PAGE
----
Here we are on ANZAC Day, 2015, marking the 100 year anniversary of that fateful landing at Gallipoli. One year ago today we cancelled a planned ride to the Blue Mountains due to poor weather and visibility (although we still drove up there by car and Zorro made a motza on the 2-Up floor, which you can read about in Two-up of another kind).
April in Sydney has nothing like the gentle “plip plip plop little April showers” of the beloved childhood movie Bambi, which was obviously made in another hemisphere.
In the past week, we’ve had wild weather described as “cyclonic” which brought several inches of rain (and more, with devastating consequences, in other parts of NSW). Friday finally brought a short interlude of clear skies and warm weather. So Saturday morning we wanted to make the most of it with a ride.
Where to go with limited time?
Zorro was keen on Putty Road, or Picton and the ‘Gong, both of which are quite long rides. I, on the other hand, always keeping an eye on the weather forecast, opted for a short ride to avoid getting caught out by rain later in the day. The Old Road? Boring, I said. Bells Line? Boring, he said.
So we headed to North Head.
The roads were dry, apart from some bends in the National Park having those nasty green slimy patches from water running continually across the road for days. The number of cyclists did seem low, which I put down to it being ANZAC Day. We remembered to take our National Parks entry sticker (for once!) and so of course there was no one manning the gate today. The reason for that soon became apparent…
The road up to West Head lookout was closed.
What the…?? A young security guy peered at us from his car in front of the padlocked gate. He already looked completely bored from waving away dozens of cyclists and motorcyclists. He made some indecipherable gesture but, based on the amount of leaves and debris we could see on the winding road beyond, reasons for the road closure were pretty obvious. I kicked myself for not foreseeing it. Maybe the cycling clubs were better informed.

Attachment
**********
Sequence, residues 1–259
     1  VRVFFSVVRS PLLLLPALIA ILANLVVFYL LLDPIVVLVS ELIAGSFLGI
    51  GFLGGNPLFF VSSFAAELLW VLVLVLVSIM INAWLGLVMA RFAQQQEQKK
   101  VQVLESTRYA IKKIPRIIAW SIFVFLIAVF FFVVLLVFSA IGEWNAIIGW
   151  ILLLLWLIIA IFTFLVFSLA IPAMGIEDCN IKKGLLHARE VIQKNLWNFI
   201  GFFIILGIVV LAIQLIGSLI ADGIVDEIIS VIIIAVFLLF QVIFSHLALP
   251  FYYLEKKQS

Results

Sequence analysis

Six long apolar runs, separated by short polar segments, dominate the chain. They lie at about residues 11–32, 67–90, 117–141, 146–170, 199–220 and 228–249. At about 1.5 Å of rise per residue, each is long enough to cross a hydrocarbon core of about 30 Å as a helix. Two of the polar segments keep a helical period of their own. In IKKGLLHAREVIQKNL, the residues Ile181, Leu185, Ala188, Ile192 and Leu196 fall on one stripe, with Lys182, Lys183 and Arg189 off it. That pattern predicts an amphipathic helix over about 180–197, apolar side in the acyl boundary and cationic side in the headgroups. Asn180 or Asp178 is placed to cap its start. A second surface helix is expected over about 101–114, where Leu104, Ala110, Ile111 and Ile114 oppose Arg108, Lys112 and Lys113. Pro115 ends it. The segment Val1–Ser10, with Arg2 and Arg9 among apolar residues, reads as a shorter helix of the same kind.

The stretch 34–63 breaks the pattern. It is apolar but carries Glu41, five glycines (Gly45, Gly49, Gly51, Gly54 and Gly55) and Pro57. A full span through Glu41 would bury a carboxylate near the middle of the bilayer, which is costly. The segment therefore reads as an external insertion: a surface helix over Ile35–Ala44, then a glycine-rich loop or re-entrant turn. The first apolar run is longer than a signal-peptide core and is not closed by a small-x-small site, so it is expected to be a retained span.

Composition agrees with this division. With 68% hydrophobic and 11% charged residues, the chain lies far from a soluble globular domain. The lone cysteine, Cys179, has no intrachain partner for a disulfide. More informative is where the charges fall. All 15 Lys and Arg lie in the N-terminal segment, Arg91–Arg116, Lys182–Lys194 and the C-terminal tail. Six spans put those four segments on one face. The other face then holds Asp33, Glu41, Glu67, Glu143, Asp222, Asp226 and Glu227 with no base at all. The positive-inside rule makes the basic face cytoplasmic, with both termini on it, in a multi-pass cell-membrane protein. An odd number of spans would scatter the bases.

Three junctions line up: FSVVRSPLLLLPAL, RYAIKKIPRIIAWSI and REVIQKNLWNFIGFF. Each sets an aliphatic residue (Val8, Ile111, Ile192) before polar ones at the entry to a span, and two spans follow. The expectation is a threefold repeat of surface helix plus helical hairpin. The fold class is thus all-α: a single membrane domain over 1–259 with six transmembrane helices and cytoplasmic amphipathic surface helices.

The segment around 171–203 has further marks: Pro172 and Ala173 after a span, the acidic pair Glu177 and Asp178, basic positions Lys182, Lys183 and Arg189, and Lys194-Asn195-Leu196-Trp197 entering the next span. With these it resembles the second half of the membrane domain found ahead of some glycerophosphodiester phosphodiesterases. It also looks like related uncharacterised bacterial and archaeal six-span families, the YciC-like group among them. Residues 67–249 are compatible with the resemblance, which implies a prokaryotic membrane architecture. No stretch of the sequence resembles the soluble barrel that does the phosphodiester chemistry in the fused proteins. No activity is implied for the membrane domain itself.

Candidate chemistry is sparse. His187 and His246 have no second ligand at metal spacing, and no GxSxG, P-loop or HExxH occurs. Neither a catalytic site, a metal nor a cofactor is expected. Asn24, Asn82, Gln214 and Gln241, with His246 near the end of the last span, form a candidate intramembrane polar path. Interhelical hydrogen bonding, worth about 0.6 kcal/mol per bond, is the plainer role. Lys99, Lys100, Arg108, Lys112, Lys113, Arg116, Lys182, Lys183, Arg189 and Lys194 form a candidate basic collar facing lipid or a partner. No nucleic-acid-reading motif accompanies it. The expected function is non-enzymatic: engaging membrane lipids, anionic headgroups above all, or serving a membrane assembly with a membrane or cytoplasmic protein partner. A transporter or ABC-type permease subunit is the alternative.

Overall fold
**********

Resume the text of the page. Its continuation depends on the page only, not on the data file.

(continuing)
Oh well, I sighed, we’ll just have to go get breakfast instead. Hehe :)
Gatecrashing a community ANZAC service.
As we arrived at Church Point we could see a large crowd gathered beside the cafe. Hmm, perhaps we won’t be stopping here for breakfast, I thought. It turned out to be the local community ANZAC Day memorial service. No dawn service for the people of sleepy Church Point – these guys wait ’til mid-morning (now that’s my kind of ‘dawn’).
And so we stood with them through the haunting strains of The Last Post and observed the minute’s silence at the end. It gave us time to reflect on how fortunate we are to live in this free country. Not to mention being able to get a hot breakfast!
Breakfast at the Waterfront Cafe, Church Point.
This is one of my favourite spots up the Peninsula. With tables on the deck right out over the water, covered in pretty pot plants and with nautical themed decor, this casual cafe has a real holiday vibe. The food is pretty good, and without the crazy prices of Palm Beach.
We were treated to a perfect Autumn day with the sun sparkling on the water. Lucky locals pop down the ramp beside us to board their runabouts and head off to their secluded waterfront homes. For tourists, the little ferry out to Scotland Island departs from the wharf next door.
I could happily sit there for hours and relax. But it was time to get back on the bike, as I knew this perfection wouldn’t last.
More bad weather on the way…
We headed home, passing plenty of evidence of the huge storms of the past week. Trees and branches were down everywhere along the coastal roads and golf courses. The waters of Lake Narrabeen and middle harbour at The Spit were coffee-coloured. Not very nice coffee!
Only a couple of hours after we got home, the skies began to change. In fact, it was looking like Armageddon with dark, swirling clouds and eerie green glow enhanced by the low, late afternoon sun. Zorro had just finished washing the bike, and hurried to put it back in the garage.
The heavens opened and 1cm pieces of ice bounced down the driveway while we watched from safety. It was over within a matter of minutes. There were reports that the mountains had been hit with huge amounts of small hail a couple of hours earlier, so we were glad we hadn’t opted for the Bells Line ride.
Zorro had given me a hard time in the morning about always being led by the BoM and my weather-watching habits. So far, I say that habit has stood us in good stead.
[A side note from the Pillion Passionista:
I’m in catch-up mode with the blog, and posts aren’t being published in strict date order. If you’d like to know whenever I finish one, you can signup to my irregular Pillion Post by popping your email address in the form at right.]
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